Similar increases have been reported not just in Australia, but in the United States and United Kingdom during the pandemic period. It is clear that the pandemic – coupled with persistent online marketing campaigns from fertility clinics – has exacerbated existing fears women have about their future fertility. Indeed, feminist scholars have criticised the marketing of these egg freezing procedures as “ultimately generating an atmosphere of increased reproductive anxiety.” (Zeynep B. Gürtin, Emily Tiemann, The marketing of elective egg freezing: A content, cost and quality analysis of UK fertility clinic websites, Reproductive Biomedicine & Society Online (2021) 12, 56-68).
Yet, serious questions remain about the ethics of the egg freezing industry and the potential conflicts of interests that exist for an industry that straddles the uneasy divide between being a so-called health provider and needing to be “patient-centred” on the one hand, and a “profit-driven” business on the other.
Given that the websites of fertility clinics and social media are the main sources of information for women considering these procedures, researchers in the United Kingdom undertook to analyse the websites of these clinics to determine what kind of information was being conveyed. They conclude that there is an “unbalanced view of egg freezing on their websites, highlighting its potential benefits and failing to adequately discuss its potential risks. Clinics’ websites were also not sufficiently clear and transparent about the cost of an egg freezing cycle, with the average ‘true’ cost exceeding the advertised costs by approximately a third.”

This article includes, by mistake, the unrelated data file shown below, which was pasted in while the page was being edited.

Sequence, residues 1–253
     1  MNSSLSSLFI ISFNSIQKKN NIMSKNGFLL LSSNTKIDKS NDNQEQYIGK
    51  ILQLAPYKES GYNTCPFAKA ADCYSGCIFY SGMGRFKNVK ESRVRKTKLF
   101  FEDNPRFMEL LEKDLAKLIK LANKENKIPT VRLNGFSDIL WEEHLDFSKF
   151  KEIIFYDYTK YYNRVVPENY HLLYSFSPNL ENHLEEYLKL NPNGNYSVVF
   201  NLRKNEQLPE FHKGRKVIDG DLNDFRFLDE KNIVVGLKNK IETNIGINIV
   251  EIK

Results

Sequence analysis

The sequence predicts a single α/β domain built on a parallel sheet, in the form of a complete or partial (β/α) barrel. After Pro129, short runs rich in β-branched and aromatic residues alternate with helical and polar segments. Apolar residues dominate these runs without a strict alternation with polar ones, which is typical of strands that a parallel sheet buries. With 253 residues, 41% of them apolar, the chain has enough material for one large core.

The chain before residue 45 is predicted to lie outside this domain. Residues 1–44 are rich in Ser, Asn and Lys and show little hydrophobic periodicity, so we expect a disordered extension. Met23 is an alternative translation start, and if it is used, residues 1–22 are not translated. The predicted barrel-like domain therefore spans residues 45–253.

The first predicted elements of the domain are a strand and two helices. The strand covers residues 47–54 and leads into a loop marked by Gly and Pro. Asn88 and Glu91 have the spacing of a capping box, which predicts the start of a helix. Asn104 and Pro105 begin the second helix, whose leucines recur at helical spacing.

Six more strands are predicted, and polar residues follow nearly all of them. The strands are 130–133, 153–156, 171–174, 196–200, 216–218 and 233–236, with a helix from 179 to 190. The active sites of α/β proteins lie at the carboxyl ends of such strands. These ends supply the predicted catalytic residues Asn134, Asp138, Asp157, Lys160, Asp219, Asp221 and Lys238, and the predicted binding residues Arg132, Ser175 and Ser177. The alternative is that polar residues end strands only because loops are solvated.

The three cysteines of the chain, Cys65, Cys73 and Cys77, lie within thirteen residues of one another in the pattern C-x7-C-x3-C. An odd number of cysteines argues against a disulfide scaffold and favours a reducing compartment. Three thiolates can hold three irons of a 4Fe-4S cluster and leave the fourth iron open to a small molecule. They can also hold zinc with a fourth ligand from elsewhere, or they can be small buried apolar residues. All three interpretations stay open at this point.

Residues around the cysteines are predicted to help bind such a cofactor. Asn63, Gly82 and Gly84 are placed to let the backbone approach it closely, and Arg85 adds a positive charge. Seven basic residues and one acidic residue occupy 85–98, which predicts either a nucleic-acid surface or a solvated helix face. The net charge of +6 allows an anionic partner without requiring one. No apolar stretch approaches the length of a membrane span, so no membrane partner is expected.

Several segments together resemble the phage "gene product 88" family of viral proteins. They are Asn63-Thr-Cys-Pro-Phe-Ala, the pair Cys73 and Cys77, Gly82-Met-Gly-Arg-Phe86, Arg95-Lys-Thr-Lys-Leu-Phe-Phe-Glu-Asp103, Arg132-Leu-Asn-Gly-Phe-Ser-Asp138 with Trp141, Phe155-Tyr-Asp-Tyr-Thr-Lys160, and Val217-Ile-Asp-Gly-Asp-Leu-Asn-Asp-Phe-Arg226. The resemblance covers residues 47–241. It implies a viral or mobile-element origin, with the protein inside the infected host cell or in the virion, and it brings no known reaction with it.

The reality is that the fertility industry is big business both in this country and overseas, and accordingly, these clinics provide and market their services in a way that is intended to maximise the bottom line. They have been criticised in the past for advertising that has misled women about the success rate or otherwise of their services.
An ABC investigation last year into women and men’s experiences of the fertility industry uncovered the reality that so many people feel unsupported by the private companies:
“The for-profit model of most IVF clinics has led to the use of unproven and unregulated treatments. And a lack of transparency around success rates – for example, when clinics report pregnancy rates, rather than live birth rates – makes some people feel deceived. … in their submissions to the ABC, countless respondents have pleaded for greater regulation and oversight of the fertility industry, wishing their care was handled more sensitively.”
The less than high success rates, coupled with the significant health risks of the practice, must be communicated to women on these websites; otherwise women are unable to provide informed consent to what are ultimately highly invasive procedures, marketed to allay deeply held concerns about future fertility.
Women anxious about their future fertility already have enough anxiety about the issue. Providing them with misleading claims about what these services can ultimately deliver will only serve to further disempower and demoralise them.
Examples of advertising material from fertility clinics